Understanding the recent guidance by the Spanish Data Protection Authority on analytics cookies | Fieldfisher
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Understanding the recent guidance by the Spanish Data Protection Authority on analytics cookies


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In this episode of Fieldfisher's Bytesize Legal Updates podcast, Pardeep Dhanoya and Andrea Ortega discuss the recent guidance issued by the Spanish Data Protection Authority (DPA) on analytics cookies and its implications for businesses. Under the EU and UK cookie rules, only strictly necessary cookies are exempt from the requirement to obtain prior consent from users. Analytics cookies are not considered strictly necessary; thus, companies must provide information and obtain consent from users.

The guidance from the Spanish DPA builds upon the previous work of the European Data Protection Board (EDPB) and the Article 29 Working Party. It introduces an additional exemption for cookies that are strictly limited to first party anonymized and aggregated statistical purposes, which present limited privacy risk. Some European data protection authorities, including those in France, Italy, and Luxembourg, have already supported this exemption. The Spanish DPA's recent guidance aligns with these opinions.

To qualify for the exemption under the Spanish guidance, cookies used for obtaining traffic or performance statistics must meet specific conditions. Firstly, they must be strictly limited to measuring the audience of the website or application. Secondly, the processing of these cookies must be carried out exclusively by or on behalf of the website or application publisher/owner, producing anonymous statistical data only. The cookies must not allow aggregate tracking of user navigation or be used for other purposes or transmitted to third parties.

The guidance provides examples of analytics cookies that are exempted from the consent requirement. These include cookies that determine a user's device type, browser, screen size, page load time statistics, time spent per page, bounce rate, scroll depth per page, and geographic area of origin of requests. The guidance also outlines minimum guarantees for consent-exempted analytics cookies, such as providing notice to users, limiting the lifetime of the cookies, and ensuring compliance with the requirements set by the Spanish DPA.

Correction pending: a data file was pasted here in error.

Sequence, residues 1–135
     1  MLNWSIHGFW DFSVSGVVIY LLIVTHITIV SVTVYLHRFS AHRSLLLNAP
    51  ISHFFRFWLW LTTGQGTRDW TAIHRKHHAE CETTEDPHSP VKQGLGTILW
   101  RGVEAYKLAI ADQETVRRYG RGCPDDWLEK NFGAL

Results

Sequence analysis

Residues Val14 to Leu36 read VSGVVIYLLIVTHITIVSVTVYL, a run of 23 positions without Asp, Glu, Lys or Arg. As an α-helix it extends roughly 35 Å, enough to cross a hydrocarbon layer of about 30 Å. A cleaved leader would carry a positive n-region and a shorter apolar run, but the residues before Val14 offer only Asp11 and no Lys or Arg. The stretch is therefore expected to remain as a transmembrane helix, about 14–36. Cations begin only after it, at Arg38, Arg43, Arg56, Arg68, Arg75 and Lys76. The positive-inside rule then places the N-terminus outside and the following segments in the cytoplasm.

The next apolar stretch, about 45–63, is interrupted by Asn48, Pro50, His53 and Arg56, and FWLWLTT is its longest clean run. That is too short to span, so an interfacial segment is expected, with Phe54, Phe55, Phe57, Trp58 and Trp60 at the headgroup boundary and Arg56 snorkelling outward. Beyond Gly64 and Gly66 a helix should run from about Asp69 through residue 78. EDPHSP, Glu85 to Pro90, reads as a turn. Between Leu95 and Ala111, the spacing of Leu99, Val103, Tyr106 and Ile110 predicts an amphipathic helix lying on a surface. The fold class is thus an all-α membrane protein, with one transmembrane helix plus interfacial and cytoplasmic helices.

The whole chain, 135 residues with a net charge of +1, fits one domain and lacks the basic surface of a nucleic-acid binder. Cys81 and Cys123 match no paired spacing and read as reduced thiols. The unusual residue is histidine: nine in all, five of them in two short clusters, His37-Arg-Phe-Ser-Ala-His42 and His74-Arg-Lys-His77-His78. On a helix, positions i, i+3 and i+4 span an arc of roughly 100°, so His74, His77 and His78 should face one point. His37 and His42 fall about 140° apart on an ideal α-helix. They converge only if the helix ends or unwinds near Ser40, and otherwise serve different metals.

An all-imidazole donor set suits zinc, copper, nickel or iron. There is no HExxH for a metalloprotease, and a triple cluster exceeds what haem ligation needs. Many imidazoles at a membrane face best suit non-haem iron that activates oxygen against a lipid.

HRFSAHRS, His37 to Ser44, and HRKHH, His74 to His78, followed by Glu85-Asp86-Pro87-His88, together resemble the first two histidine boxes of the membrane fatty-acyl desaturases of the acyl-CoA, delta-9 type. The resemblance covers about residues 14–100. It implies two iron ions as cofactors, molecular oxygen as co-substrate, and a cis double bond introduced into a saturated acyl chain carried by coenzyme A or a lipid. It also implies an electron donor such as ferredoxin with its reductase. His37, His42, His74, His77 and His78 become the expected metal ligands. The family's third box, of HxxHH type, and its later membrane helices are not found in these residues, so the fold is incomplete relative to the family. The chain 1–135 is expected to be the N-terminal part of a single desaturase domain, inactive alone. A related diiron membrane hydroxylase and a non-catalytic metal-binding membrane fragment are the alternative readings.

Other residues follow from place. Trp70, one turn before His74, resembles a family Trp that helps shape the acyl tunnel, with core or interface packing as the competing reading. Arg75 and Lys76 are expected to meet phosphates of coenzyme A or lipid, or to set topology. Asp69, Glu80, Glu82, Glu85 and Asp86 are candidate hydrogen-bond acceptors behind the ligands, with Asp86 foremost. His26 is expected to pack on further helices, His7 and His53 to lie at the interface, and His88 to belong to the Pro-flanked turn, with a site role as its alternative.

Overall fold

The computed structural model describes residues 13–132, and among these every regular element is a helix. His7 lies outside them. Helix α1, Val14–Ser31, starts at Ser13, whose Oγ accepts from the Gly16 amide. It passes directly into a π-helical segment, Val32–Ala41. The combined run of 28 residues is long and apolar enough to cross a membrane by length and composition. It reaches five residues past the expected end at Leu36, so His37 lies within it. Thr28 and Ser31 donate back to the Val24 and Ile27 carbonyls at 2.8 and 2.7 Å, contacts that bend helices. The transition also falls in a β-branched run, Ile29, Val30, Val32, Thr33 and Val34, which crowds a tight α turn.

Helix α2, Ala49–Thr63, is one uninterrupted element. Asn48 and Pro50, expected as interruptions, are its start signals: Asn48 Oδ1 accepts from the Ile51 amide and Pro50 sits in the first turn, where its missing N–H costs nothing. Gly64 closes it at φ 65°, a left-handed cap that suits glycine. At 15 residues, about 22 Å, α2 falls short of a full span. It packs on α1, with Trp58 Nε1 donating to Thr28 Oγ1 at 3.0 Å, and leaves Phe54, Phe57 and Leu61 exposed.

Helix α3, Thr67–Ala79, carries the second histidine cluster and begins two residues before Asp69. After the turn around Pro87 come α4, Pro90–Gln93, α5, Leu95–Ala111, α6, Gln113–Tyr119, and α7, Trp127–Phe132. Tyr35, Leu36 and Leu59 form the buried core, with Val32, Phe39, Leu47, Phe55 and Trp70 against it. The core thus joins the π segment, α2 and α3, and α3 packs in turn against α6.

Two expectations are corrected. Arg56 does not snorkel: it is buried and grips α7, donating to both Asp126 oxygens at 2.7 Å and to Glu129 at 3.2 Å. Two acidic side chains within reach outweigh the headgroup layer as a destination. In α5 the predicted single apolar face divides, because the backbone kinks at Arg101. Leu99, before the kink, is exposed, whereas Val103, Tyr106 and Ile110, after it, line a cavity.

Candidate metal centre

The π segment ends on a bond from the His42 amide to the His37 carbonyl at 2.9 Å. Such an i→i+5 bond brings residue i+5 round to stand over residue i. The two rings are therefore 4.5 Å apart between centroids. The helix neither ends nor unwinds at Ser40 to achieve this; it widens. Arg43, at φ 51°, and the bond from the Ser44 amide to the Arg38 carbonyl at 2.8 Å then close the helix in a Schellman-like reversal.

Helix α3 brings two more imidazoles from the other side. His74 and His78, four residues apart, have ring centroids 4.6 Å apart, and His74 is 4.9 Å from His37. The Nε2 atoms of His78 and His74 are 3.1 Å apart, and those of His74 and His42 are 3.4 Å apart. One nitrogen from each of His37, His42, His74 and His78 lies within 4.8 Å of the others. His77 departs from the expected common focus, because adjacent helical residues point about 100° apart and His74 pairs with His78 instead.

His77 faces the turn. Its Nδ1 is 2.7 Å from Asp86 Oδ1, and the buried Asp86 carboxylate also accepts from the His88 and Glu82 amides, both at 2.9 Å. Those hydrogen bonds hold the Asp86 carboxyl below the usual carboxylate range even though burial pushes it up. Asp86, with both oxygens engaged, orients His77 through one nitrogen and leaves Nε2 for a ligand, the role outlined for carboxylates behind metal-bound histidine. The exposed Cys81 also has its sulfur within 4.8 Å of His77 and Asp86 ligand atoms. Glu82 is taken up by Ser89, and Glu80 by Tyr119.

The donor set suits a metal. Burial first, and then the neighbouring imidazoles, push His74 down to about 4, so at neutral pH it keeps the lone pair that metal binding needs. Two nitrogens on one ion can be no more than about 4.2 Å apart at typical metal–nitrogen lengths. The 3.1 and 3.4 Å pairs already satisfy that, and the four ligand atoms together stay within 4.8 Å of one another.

The key takeaways from this guidance for businesses are that analytics cookies can be exempted from the consent requirement if they meet the conditions set by local DPAs. It is crucial for companies to ensure their service providers comply with the EU UK cookie rules, including the GDPR & E Privacy Directive and local requirements. Non-compliance with cookie rules is being actively addressed by data protection authorities, as seen in the UK where an AI solution is being developed to identify non-compliant websites. Companies should also be aware that privacy activists and users are increasingly filing complaints regarding cookie compliance. To stay compliant, businesses need to act and keep updated with regulatory guidance.

In conclusion, the recent guidance from the Spanish DPA clarifies the requirements for cookies and their exemption from the consent requirement. It is essential for businesses to understand these guidelines and ensure compliance to avoid potential penalties and complaints. Stay informed about developments in cookie regulations and continue to prioritise data protection and privacy in your online practices.

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